FIMA begins to electrify the rail line between Naujoji Vilnia and Belarus border

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Work to electrify the rail line between Naujoji Vilnia and the Lithuanian border with Belarus has been started at Naujoji Vilnia railway station. It is the country’s second railway electrification project and the first since Lithuania regained independence. Once complete, it will reduce the cost of transporting passengers and freight between Lithuania and Belarus as well as cutting pollution.

Experience of successful railway modernisation projects in Lithuania, Latvia and Belarus, FIMA has become the project’s main contractor. The company will be responsible for electrifying the railway line on the Lithuanian side. Belarus, in turn, will electrify the rail link that runs from the Lithuanian border up to Maladzyechna. The two countries will co-operate and co-ordinate operations. The entire modernisation project is planned to be completed in March 2016.

“I am in no doubt that by working together, Lithuanian railways and FIMA’s team of experienced professionals will successfully connect Lithuania and Belarus with a modern electrified rail line. Both businesses and residents will benefit from the upgraded rail link as will bilateral relations between the two countries,” FIMA’s general manager, Gintaras Juknevičius, said.

FIMA is responsible for stringing nearly 138km of copper and more than 165km of bronze overhead contact lines between Naujoji Vilnia and the border with Belarus and more than 2,000 metal structures. The project involves electrifying a section of railway that is 28.6 km in length and the reconstruction of a tractive substation in Naujoji Vilnia. The project will be partly financed by EU funding.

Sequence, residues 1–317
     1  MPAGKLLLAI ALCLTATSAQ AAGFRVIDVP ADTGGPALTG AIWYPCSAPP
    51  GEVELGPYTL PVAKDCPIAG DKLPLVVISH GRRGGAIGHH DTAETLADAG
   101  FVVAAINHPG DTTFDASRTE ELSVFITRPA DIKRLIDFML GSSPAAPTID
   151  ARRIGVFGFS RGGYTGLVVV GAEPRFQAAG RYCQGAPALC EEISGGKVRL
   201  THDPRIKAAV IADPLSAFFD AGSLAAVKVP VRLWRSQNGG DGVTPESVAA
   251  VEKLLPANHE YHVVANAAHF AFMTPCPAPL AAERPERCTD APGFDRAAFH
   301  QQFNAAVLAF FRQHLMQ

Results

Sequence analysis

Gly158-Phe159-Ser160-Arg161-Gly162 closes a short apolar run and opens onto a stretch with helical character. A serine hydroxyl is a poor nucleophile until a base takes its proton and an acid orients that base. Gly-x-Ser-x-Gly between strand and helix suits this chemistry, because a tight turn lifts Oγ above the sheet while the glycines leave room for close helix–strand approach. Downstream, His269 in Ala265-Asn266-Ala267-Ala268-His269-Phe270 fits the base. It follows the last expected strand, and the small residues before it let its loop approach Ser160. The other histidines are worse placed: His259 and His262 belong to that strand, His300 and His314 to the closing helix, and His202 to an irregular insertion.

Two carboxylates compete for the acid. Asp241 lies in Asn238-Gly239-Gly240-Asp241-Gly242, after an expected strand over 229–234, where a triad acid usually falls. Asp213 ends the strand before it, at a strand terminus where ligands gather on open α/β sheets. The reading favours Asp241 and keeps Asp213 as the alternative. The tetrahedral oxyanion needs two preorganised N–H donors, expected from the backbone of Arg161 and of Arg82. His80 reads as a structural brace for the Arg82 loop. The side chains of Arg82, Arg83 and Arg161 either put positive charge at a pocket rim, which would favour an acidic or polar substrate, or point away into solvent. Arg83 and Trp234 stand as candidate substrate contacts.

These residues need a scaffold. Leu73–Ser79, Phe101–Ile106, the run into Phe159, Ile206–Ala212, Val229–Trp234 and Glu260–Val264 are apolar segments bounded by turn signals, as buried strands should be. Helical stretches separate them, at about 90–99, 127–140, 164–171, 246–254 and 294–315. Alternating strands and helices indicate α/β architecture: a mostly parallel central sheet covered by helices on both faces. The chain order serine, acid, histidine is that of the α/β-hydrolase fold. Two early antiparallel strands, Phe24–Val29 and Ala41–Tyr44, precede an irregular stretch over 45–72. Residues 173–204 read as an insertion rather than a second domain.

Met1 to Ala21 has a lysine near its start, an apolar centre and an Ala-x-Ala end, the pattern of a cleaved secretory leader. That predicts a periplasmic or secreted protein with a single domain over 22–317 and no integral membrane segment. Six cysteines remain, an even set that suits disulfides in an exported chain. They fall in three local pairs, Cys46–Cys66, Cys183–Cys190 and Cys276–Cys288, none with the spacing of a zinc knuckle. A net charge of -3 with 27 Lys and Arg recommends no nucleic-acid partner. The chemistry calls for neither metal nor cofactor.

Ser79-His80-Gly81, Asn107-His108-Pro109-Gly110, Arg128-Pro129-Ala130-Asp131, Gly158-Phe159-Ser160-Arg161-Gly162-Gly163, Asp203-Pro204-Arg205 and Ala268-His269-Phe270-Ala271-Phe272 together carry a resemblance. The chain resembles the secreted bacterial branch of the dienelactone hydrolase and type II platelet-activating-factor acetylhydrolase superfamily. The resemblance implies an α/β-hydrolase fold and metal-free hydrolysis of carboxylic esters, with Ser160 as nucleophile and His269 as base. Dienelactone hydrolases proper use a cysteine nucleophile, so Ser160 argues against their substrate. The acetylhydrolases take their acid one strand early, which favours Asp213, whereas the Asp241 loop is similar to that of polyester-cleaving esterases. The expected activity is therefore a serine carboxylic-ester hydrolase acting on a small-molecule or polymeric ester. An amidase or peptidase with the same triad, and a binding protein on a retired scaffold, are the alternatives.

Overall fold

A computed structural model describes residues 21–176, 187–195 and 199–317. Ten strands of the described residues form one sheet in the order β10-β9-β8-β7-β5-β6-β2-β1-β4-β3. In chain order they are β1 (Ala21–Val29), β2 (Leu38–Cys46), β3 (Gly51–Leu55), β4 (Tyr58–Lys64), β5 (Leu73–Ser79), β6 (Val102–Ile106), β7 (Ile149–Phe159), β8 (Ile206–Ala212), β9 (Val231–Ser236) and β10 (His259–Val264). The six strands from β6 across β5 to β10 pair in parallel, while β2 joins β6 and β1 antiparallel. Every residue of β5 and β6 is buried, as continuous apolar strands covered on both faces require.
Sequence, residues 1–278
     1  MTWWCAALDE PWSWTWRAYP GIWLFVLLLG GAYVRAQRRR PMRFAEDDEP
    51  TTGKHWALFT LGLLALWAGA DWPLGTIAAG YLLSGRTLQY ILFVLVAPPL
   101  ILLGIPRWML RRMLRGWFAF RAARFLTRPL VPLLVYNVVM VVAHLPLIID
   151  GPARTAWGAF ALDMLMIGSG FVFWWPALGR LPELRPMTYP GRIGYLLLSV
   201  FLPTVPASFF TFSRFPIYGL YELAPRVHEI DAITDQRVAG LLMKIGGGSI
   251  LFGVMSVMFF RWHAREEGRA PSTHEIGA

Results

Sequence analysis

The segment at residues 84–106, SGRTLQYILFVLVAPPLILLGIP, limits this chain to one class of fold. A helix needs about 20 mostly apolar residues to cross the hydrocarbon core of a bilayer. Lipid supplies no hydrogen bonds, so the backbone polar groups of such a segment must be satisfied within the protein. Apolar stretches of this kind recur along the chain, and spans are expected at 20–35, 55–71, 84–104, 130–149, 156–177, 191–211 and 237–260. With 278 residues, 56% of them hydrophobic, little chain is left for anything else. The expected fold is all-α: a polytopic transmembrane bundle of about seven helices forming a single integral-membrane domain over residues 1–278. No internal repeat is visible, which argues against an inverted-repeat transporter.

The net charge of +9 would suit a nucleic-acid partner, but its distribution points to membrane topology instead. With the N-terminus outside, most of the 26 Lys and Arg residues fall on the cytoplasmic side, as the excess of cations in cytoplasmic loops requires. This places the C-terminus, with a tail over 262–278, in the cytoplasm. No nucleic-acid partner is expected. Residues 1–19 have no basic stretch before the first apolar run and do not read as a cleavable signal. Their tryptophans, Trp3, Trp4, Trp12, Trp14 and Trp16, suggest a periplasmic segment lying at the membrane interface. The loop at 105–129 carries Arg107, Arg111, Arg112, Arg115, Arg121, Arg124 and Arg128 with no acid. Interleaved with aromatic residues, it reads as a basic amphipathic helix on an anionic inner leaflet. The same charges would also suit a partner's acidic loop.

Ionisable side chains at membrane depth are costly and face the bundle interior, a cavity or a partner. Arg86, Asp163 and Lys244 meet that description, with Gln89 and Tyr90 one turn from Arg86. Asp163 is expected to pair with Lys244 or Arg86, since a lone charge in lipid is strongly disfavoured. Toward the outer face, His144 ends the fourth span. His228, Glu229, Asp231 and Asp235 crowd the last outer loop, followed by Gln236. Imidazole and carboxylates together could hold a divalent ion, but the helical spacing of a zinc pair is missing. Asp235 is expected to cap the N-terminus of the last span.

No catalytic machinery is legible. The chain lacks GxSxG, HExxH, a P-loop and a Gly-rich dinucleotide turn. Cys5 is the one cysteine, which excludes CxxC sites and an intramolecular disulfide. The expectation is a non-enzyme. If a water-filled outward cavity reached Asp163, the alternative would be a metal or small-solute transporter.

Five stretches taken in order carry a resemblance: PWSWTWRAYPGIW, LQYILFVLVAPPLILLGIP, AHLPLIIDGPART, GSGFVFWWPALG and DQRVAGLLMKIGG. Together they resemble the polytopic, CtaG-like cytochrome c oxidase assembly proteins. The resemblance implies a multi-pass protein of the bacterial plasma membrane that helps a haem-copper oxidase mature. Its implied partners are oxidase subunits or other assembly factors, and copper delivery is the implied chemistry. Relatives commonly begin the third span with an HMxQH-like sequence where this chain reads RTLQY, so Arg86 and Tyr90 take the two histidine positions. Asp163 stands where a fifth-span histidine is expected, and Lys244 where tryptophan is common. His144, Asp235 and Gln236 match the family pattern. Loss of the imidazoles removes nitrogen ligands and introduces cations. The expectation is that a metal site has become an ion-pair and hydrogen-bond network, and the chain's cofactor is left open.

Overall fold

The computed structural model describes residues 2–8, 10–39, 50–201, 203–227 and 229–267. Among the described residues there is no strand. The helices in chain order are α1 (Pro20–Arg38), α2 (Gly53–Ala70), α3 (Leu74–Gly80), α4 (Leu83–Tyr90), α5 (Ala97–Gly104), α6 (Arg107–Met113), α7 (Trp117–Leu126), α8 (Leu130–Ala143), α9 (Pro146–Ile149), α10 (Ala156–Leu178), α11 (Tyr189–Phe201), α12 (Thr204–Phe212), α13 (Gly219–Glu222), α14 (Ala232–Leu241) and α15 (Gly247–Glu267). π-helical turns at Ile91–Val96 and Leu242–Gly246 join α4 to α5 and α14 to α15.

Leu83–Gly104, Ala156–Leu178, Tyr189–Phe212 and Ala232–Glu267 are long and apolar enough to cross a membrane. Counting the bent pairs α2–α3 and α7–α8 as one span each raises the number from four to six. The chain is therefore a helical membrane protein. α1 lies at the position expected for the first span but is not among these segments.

On December 15, a foundation was laid on the platform at Naujoji Vilnia station for the first support pole of the overhead contact line. Witnessed by representatives from the government, business, local politicians and the media, a time capsule with a letter to future generations was symbolically buried underneath it.

According to the Prime Minister of the Republic of Lithuania, Algirdas Butkevičius, it is vital that the newly electrified line attracts larger volumes of freight to Klaipėda Seaport in the future. “The line between the state border with Belarus and Klaipėda should become the main corridor for cargo exported from Belarus, Russia, Ukraine, the countries in Central Asia and China to Lithuania,” he said.